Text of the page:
her passport from the Cherians and left the control of
Aberdeen House and the Cherians on February 12, 2012.
Id. ¶ 63.
filed a Complaint [ECF No. 1] against the Cherians and
Aberdeen House on June 1, 2018, alleging six violations of
the Trafficking Victims Protection Act (“TVPA”),
18 U.S.C. § 1595: 1) forced labor violation of the TVPA,
against the Cherians; 2) trafficking with respect to peonage,
slavery, involuntary servitude, or forced labor in violation
of the TVPA, against the Cherians; 3) forced labor violation
of the TVPA, against Aberdeen House; 4) trafficking with
respect to peonage, slavery, involuntary servitude, or forced
labor in violation of the TVPA, against Aberdeen House; 5)
unlawful conduct with respect to documents in violation of
the TVPA, against the Cherians; and 6) conspiracy to violate
the TVPA, against the Cherians and Aberdeen House. Defendants
then filed a Motion to Dismiss the Complaint in its entirety
on August 1, 2018. ECF No. 7. Defendants attached three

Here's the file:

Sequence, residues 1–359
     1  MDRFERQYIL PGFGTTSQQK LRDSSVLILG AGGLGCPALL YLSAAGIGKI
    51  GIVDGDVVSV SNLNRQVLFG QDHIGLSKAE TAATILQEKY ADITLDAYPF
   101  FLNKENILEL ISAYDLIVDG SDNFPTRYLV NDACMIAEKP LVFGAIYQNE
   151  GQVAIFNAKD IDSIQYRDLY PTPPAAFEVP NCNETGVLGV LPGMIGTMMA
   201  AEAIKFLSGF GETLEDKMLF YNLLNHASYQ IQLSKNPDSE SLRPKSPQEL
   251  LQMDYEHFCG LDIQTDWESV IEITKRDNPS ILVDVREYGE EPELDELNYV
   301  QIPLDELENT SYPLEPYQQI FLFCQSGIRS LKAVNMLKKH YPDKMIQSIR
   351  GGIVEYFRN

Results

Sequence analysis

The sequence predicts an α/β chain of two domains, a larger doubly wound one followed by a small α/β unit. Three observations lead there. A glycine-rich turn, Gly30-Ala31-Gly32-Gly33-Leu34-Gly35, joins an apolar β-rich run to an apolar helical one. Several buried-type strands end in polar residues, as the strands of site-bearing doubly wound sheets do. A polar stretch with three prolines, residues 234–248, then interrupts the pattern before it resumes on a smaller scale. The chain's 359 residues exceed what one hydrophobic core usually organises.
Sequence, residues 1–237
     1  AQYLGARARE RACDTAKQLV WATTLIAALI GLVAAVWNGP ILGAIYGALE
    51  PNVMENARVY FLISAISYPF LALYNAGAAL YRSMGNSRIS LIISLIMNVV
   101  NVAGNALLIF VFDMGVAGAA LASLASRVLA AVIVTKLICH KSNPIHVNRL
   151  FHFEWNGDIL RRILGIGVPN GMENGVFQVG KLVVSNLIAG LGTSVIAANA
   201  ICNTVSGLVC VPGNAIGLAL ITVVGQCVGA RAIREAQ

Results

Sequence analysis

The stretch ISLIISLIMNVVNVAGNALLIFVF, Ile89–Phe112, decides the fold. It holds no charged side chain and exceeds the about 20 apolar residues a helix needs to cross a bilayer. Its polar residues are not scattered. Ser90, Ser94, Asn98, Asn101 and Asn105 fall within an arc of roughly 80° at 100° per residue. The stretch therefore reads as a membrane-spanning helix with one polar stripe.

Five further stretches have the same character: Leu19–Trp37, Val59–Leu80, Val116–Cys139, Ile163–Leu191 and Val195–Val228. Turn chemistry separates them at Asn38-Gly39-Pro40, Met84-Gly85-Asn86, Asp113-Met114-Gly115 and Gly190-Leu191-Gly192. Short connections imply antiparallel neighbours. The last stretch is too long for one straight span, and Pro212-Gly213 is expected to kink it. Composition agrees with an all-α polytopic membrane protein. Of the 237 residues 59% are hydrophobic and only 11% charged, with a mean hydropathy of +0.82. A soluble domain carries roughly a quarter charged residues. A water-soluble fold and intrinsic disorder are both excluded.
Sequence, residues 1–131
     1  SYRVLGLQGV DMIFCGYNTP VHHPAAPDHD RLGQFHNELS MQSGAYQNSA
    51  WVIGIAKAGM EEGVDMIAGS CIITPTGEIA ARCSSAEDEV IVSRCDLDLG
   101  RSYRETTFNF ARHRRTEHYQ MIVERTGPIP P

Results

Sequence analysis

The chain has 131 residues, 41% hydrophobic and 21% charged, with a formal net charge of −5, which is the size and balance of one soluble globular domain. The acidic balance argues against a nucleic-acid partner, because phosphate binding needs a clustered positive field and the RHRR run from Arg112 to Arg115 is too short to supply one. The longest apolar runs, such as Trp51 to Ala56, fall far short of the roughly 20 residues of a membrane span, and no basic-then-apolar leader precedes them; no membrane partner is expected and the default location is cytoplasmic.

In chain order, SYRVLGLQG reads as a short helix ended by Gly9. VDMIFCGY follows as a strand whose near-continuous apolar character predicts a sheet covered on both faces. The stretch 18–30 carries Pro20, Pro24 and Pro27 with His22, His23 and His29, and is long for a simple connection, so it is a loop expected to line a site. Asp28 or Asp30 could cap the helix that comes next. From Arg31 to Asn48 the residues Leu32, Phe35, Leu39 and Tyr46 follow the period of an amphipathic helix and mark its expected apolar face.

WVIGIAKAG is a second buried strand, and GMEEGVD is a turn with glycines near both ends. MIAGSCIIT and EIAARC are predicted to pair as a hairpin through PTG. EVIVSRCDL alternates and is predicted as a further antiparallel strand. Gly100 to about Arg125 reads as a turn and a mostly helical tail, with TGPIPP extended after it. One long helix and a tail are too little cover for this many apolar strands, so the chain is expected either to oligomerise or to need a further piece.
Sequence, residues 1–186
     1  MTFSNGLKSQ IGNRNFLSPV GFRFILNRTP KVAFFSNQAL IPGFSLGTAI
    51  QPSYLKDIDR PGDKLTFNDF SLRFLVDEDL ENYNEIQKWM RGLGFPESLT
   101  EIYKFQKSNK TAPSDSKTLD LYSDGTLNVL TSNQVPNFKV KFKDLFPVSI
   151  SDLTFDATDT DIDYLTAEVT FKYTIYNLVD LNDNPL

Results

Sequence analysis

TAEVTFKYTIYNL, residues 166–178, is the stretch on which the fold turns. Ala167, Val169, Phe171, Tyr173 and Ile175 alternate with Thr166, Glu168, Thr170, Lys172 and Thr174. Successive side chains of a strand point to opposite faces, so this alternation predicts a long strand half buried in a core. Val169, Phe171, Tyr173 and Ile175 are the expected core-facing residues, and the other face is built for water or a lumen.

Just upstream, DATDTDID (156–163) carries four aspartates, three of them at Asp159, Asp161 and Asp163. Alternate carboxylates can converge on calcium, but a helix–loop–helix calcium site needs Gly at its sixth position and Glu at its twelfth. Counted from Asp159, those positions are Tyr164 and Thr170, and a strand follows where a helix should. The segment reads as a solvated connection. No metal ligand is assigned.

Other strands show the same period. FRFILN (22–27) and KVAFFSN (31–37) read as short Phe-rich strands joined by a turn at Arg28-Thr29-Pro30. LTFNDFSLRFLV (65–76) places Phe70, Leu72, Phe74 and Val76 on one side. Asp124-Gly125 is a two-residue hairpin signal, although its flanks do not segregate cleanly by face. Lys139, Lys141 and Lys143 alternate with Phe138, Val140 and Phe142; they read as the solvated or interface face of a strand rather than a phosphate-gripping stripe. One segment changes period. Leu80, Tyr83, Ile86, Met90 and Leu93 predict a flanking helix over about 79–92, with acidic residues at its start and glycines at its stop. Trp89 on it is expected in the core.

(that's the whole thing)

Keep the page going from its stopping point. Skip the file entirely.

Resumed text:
affidavits and two exhibits to their Motion, basing their
arguments largely on their view of the facts as presented
with their Motion. ECF Nos. 7-1, 7-2, 7-3, 7-4, 18-1. Barjo
filed her Opposition on August 29, 2018. ECF No. 17.
Standard of Review
motion to dismiss under Federal Rule of Civil Procedure
12(b)(6) serves “to test the sufficiency of a
complaint.” Edwards v. City of Goldsboro, 178
F.3d 231, 243 (4th Cir. 1999). In order to be sufficient to
survive dismissal, a complaint must allege “enough
facts to state a claim to relief that is plausible on its
face.” Bell Atl. Corp. v. Twombly, 550 U.S.
544, 570 (2007). “A claim has facial plausibility when
the plaintiff pleads factual content that allows the court to
draw the reasonable inference that the defendant is liable
for the misconduct alleged.” Ashcroft v.
Iqbal, 556 U.S. 662, 678 (2009).
motion to dismiss, courts must consider all
“well-pleaded allegations of the complaint as true,
” Albright v. Oliver, 510 U.S. 266, 268
(1994), and “must construe factual allegations in the
light most favorable to the plaintiff.” See
Harrison v. Westinghouse Savannah River Co., 176 F.3d
776, 783 (4th Cir. 1999). However, courts “are not
bound to accept as true a legal conclusion couched as a
factual allegation.” Papasan v. Allain, 478
U.S. 265, 286 (1986). “While a complaint attacked by a
Rule 12(b)(6) motion to dismiss does not need detailed
factual allegations, a plaintiff's obligation to provide
the ‘grounds' of his ‘entitle[ment] to
relief' requires more than labels and conclusions, and a
formulaic recitation of the elements of a cause of action